When to Cut Toxic People Out of Your Acting Career

shutterstock_749819029Collaboration is an enormous factor in any acting career. Actors must be able to work with artists of all personalities, training backgrounds and approaches. That can lead to actors, especially those who are young and/or new to the field, feeling obligated to include and oblige those in our careers that don’t constitute a healthy or positive presence. In the name of preserving opportunities, many of us have allowed behavior we never would have otherwise tolerated. 


Something I wish I had known starting out is that it is possible to maintain a flourishing career and good reputation and still draw healthy boundaries for yourself. I want to say right up front that this is absolutely not to place wrongful responsibility on anyone who has fallen victim to the abuses of those in power. It is the fault of no one but the perpetrators when people choose to use their position and authority to manipulate those around them. 


What I do want to communicate is that I believe it healthy for us as artists to feel empowered to surround ourselves with collaborators that fulfill, inspire and support us. With that in mind,  when is it all right (and in fact productive) to cut people out of your career?


  1. When You Feel Unsafe. No matter who you’re working with or how important the project seems, you have a right to speak up and protect yourself. If someone is consistently making you feel unsafe, you are not being a “bad actor” by discontinuing work with them. Any opportunities missed would have been marred by that party’s toxic behavior.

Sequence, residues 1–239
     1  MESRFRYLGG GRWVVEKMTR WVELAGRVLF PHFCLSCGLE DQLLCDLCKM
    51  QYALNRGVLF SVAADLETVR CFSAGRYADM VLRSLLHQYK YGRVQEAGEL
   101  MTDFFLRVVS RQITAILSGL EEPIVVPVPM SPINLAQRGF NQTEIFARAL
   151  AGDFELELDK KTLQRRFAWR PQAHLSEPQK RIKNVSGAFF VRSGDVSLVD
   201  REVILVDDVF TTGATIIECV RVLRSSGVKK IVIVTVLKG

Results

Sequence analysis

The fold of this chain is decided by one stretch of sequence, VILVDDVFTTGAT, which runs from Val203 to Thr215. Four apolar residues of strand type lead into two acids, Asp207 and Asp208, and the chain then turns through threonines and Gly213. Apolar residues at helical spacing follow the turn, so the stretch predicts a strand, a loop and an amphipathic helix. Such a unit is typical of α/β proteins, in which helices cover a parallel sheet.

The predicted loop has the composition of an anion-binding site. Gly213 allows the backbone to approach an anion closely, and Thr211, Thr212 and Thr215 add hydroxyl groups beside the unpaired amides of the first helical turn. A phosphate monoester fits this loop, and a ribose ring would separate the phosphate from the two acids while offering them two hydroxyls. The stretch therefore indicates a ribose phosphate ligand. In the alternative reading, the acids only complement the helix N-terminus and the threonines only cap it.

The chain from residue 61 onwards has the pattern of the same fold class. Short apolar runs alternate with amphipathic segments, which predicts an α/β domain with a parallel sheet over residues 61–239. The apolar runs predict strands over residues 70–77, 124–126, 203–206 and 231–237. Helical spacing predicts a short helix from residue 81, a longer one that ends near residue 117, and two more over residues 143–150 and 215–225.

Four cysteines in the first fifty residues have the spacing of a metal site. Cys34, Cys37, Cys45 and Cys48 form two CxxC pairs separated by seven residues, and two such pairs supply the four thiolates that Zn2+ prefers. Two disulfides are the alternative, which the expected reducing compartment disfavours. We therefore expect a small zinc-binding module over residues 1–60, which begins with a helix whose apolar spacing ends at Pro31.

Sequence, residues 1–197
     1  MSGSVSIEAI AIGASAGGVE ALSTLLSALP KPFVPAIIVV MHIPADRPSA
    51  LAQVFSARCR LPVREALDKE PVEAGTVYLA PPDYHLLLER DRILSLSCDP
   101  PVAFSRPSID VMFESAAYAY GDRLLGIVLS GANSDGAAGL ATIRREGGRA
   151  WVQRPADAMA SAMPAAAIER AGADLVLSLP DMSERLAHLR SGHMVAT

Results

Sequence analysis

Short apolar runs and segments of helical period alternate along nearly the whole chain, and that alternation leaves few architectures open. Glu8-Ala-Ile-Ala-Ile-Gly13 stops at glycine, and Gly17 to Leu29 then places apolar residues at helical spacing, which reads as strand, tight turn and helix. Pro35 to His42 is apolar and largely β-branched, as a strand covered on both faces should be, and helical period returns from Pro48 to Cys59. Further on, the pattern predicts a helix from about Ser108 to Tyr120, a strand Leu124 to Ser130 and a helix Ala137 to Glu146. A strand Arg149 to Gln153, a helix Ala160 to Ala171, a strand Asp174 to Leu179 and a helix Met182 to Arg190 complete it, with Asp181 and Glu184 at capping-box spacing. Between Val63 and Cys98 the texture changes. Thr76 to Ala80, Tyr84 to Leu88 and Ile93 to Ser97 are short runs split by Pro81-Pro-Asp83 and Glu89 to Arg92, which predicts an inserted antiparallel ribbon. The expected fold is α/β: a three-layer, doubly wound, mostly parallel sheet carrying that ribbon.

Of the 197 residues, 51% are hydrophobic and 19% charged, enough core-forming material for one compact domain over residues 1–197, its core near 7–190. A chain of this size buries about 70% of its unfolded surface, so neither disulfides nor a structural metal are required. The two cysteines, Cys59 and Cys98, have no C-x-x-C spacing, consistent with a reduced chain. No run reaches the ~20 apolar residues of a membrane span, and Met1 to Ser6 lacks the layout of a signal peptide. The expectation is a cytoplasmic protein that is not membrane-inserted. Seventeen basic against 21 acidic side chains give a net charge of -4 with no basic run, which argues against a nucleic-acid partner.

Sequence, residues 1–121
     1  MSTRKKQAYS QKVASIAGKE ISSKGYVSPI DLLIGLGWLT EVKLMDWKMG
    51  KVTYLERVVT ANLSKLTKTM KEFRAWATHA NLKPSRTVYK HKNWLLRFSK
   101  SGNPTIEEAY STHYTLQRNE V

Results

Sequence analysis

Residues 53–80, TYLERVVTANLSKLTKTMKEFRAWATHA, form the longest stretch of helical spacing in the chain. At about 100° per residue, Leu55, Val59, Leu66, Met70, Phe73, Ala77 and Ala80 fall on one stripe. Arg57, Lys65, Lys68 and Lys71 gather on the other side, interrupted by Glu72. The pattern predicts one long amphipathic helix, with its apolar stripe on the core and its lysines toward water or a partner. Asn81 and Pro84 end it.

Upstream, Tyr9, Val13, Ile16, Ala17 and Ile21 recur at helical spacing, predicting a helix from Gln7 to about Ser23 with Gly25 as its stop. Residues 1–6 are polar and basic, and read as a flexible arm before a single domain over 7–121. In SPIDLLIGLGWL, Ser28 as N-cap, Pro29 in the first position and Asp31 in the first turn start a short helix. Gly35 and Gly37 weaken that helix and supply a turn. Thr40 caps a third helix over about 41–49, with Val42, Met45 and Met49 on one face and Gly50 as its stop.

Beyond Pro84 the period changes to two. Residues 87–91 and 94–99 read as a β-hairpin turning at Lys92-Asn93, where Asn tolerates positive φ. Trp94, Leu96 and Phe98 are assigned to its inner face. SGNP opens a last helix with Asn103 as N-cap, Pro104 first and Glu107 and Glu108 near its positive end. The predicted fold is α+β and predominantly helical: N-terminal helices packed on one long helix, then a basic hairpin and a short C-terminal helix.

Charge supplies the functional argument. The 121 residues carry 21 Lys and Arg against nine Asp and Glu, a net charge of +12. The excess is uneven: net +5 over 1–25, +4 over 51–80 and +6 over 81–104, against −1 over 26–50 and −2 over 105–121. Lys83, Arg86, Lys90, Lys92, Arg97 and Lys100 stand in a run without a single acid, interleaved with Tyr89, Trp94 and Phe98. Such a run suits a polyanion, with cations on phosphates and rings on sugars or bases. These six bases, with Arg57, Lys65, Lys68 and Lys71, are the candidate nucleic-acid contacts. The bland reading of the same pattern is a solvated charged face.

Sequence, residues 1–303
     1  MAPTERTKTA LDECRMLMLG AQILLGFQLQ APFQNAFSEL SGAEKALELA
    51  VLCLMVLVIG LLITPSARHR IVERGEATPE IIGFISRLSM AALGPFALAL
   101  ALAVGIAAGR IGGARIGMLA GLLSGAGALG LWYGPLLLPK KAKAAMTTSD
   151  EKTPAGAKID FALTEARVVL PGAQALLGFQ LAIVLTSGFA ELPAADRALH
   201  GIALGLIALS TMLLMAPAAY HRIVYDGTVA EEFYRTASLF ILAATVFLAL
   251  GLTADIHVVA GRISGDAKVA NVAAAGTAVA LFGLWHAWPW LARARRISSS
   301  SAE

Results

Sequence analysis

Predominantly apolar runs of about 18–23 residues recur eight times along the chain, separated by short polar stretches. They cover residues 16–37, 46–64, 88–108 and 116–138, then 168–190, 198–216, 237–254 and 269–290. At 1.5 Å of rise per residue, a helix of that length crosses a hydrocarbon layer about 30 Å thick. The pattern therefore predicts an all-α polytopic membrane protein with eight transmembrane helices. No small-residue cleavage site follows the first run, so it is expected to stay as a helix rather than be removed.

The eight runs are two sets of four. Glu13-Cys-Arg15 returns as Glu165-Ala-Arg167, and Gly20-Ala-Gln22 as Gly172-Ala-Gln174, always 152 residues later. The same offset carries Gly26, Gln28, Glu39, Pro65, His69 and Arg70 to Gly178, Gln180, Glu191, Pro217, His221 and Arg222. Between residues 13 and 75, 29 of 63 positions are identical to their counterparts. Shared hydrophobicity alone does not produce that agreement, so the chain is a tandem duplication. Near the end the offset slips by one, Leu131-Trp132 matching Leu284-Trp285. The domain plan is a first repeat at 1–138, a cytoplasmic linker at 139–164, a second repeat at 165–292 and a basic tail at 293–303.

2. When You are Being Treated Unfairly. Maybe the treatment you’re getting isn’t unsafe or toxic, but if it is not up to your professional standards, you are allowed to stop working with someone. Value yourself as an artist. You don’t have to say yes to everything, even when you’re starting out. No one gets to direct your career but you.
  3. When You Stop Learning. Someone doesn’t have to necessarily be toxic for you to decline working with them. Sometimes you will get into a pattern of working with people for the sake of convenience rather than artistic fulfillment or growth. While there is no shame in just collecting a paycheck now and then, if you feel stuck and inhibited by your collaborative environment, it is all right to cut yourself loose and seek new things. 


Cutting people off doesn’t have to be dramatic. Setting healthy working boundaries for yourself can be as simple as declining to audition for a toxic director, or insisting you be appropriately compensated for your time and services. It is important to remember that removing toxic influences from your life and career is not only personally healthy, it preserves professional longevity. Anyone that damages your ability to perform and create to the best of your ability is a drain on your career. Allow and encourage yourself to remove them.

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Rachel Rachel Frawley is an actor living in Atlanta. She holds a B.F.A. in Theatre from Michigan State University (with cognates in Music and Professional Writing) and is an Apprentice Company graduate from the Atlanta Shakespeare Co. She also works as an education artist for local theatres, which have included the Shakespeare Tavern and Aurora Theatre. For more information, visit her website at www.rachelfrawley.com

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